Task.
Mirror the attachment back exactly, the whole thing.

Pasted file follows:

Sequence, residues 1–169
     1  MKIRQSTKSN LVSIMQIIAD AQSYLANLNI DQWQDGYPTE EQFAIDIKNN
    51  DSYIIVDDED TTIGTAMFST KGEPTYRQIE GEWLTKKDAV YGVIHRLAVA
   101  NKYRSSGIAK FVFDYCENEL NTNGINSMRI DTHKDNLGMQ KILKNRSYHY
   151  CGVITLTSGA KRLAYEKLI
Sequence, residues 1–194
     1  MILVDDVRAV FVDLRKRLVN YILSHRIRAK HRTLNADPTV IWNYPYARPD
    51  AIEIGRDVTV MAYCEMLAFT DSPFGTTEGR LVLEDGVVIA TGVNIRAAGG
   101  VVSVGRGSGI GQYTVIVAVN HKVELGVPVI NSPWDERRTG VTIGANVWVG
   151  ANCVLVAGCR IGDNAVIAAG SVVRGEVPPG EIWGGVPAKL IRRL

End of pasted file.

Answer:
Sequence, residues 1–169
     1  MKIRQSTKSN LVSIMQIIAD AQSYLANLNI DQWQDGYPTE EQFAIDIKNN
    51  DSYIIVDDED TTIGTAMFST KGEPTYRQIE GEWLTKKDAV YGVIHRLAVA
   101  NKYRSSGIAK FVFDYCENEL NTNGINSMRI DTHKDNLGMQ KILKNRSYHY
   151  CGVITLTSGA KRLAYEKLI
Sequence, residues 1–194
     1  MILVDDVRAV FVDLRKRLVN YILSHRIRAK HRTLNADPTV IWNYPYARPD
    51  AIEIGRDVTV MAYCEMLAFT DSPFGTTEGR LVLEDGVVIA TGVNIRAAGG
   101  VVSVGRGSGI GQYTVIVAVN HKVELGVPVI NSPWDERRTG VTIGANVWVG
   151  ANCVLVAGCR IGDNAVIAAG SVVRGEVPPG EIWGGVPAKL IRRL